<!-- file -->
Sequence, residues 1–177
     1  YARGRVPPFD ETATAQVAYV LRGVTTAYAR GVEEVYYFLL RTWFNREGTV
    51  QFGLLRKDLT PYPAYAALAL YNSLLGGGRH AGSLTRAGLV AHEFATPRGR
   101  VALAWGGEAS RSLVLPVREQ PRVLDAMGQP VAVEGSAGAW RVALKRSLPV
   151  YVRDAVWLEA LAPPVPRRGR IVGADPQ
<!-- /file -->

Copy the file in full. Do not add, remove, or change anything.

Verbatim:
Sequence, residues 1–177
     1  YARGRVPPFD ETATAQVAYV LRGVTTAYAR GVEEVYYFLL RTWFNREGTV
    51  QFGLLRKDLT PYPAYAALAL YNSLLGGGRH AGSLTRAGLV AHEFATPRGR
   101  VALAWGGEAS RSLVLPVREQ PRVLDAMGQP VAVEGSAGAW RVALKRSLPV
   151  YVRDAVWLEA LAPPVPRRGR IVGADPQ